The National Coalition Against Censorship is deeply concerned that officials at Oglethorpe Avenue Elementary School in Athens, Georgia, removed student artwork celebrating gay rights. Media reports indicate that multiple school officials compared displaying a rainbow flag to displaying a swastika in the classroom after demanding a teacher remove artwork students had created on their own time.
Whether administrators removed the artwork because they disagreed with the particular social views expressed or because they disapprove of any student expression of political or social views, this silencing of student expression is inconsistent with freedom of expression principles and violates the public school’s First Amendment obligations. NCAC has written to the Board of Education to urge the district to return the artwork to public display, apologize to the student and take steps to ensure that similar acts of art censorship do not occur in the future.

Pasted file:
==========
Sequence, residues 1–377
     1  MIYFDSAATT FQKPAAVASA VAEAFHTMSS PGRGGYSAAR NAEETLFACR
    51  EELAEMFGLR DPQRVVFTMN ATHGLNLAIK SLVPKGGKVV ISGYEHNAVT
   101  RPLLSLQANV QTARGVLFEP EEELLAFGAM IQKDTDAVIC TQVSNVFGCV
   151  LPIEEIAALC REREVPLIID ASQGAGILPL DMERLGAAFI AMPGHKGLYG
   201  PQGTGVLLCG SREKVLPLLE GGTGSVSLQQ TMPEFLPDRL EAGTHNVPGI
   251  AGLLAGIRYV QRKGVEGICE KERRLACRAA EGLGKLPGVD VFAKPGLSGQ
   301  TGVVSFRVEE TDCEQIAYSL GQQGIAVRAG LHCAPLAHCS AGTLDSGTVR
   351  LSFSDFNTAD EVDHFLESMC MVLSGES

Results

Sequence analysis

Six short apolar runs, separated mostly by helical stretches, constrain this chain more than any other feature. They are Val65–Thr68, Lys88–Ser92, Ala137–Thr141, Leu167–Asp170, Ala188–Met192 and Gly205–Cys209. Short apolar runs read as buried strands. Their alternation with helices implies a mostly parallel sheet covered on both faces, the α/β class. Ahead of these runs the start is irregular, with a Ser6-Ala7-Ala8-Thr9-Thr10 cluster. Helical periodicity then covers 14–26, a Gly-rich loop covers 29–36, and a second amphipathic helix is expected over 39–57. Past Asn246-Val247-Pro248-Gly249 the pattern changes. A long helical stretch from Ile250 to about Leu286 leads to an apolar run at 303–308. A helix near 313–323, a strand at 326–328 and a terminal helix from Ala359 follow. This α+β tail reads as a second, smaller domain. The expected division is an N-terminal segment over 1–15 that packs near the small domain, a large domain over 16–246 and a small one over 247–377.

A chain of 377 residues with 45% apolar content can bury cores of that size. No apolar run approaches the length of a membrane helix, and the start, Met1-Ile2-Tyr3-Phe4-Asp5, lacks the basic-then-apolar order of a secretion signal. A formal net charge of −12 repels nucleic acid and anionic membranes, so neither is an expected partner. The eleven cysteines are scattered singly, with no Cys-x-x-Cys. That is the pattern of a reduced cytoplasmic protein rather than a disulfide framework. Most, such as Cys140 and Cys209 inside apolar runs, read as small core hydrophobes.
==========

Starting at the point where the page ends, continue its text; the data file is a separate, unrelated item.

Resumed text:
The removal of the students’ artwork raises serious First Amendment concerns. More than fifty years ago, in Tinker v. Des Moines Independent Community School District (1969), the Supreme Court declared that students have the right to express themselves on school grounds as long as they do not substantially disrupt the activities of the school. The Court reconfirmed that principle just months ago in Mahanoy Area Sch. Dist. v. B. L. (2021). Mere disagreement with students’ points of view obviously doesn’t meet that standard. Students must be permitted to express their political and personal beliefs in school, including in their artwork.
To avoid the recurrence of such incidents in the future, NCAC urges the District to instruct its employees on the free expression rights of students and to take further steps to ensure that those rights will be respected in the future.
Read the full letter to the school district below. Click here for a full screen view: